The question of whether self-archiving of preprints and/or postprints by journal authors is likely to have a significant impact on journal subscription numbers is currently a hotly debated issue of considerable policy importance for scholarly publishers. The moves by funding bodies and some institutions to request or require authors to deposit postprints has given more urgency to this issue as the archives are now likely to grow in number and more importantly in their content. This study was commissioned by ALPSP to ascertain what are the major factors contributing to journal cancellations, and thus to provide some new information for a debate that has inevitably so far been short of data. The study consisted of an online questionnaire. The wording was originally developed by ALPSP and Mark Ware Consulting, and then subject to review by a number of experienced librarians. The sample was obtained by posting requests to a number of listservs such as liblicense and SerialST. The sample was thus a self-selected one from a non-random group (those who chose to join the listservs) and this does represents a limitation of the study.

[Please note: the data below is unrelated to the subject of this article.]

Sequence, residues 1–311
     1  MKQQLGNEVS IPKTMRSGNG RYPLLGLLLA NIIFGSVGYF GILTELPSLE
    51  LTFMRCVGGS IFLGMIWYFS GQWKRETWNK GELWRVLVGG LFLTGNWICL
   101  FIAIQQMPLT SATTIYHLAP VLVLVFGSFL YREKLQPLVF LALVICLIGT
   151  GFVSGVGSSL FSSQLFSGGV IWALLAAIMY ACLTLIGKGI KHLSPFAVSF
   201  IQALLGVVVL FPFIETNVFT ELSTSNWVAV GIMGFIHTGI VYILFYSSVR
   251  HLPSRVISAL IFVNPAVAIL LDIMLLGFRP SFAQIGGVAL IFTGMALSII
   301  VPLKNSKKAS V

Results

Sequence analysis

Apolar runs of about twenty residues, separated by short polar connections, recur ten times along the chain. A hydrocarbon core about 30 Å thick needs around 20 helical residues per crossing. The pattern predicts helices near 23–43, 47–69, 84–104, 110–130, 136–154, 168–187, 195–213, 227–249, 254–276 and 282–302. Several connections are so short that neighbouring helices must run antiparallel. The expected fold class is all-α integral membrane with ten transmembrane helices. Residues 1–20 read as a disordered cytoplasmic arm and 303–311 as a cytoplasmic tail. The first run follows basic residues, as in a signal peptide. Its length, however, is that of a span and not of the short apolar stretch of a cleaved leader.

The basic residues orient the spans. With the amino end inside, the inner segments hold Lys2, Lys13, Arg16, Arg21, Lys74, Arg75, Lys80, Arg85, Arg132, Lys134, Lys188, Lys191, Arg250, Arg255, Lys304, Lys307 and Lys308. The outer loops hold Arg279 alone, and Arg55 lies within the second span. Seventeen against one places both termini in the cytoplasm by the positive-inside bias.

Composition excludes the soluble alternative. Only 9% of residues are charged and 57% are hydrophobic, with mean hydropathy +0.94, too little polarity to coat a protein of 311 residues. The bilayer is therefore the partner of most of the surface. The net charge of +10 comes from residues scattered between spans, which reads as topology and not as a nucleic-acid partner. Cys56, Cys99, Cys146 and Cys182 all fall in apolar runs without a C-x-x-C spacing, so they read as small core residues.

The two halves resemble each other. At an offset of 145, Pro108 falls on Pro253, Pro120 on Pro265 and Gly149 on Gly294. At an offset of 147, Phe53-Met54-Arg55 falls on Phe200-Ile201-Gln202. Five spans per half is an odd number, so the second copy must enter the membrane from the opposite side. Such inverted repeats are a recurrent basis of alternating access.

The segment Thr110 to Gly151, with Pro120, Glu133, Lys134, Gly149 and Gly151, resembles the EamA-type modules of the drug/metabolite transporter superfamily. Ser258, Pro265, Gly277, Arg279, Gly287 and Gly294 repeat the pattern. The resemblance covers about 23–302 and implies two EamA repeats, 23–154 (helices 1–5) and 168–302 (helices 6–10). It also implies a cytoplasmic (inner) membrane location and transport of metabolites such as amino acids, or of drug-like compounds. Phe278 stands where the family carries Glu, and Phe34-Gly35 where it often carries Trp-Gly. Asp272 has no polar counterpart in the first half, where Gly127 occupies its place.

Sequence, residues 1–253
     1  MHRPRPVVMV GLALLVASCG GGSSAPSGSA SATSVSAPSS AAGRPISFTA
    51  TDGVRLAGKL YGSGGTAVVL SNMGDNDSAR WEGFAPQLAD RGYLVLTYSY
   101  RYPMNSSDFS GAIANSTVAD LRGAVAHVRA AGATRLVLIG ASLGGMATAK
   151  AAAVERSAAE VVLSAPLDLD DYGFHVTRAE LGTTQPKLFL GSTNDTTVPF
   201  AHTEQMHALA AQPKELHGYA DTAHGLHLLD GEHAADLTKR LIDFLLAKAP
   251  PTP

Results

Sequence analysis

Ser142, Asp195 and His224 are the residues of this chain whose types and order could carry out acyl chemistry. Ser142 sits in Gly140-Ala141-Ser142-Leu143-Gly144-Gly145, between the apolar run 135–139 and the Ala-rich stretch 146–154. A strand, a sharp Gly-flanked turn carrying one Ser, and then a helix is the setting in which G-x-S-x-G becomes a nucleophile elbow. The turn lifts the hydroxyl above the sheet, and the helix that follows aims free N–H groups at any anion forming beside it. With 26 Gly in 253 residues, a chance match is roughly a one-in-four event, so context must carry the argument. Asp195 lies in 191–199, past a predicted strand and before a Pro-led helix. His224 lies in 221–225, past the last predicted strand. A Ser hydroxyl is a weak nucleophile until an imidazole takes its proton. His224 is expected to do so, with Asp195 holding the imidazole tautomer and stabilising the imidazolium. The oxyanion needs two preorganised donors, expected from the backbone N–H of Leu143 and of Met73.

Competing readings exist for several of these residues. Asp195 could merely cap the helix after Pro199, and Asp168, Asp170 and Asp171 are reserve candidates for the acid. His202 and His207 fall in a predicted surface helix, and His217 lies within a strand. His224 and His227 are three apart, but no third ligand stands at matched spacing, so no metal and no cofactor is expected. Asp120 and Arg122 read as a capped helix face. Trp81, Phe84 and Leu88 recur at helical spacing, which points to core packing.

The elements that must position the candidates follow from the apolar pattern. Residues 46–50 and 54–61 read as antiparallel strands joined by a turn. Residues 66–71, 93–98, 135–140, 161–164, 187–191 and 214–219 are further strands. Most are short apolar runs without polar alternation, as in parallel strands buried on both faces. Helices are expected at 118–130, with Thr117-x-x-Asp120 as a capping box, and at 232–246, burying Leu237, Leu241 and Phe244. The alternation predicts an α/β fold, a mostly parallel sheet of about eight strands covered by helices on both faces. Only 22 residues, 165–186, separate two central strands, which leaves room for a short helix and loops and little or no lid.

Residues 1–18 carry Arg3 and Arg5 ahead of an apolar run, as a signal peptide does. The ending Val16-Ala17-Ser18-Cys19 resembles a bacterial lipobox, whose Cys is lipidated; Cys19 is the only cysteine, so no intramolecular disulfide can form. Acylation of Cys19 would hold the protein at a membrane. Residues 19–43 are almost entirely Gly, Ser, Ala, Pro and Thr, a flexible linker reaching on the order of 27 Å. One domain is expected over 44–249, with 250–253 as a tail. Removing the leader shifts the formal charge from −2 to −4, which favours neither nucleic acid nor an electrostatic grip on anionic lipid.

Nonetheless a good response of 340 completed questionnaires was received, which we roughly estimate represents a response rate of 4-7%, perhaps reflecting the degree of interest in the topic.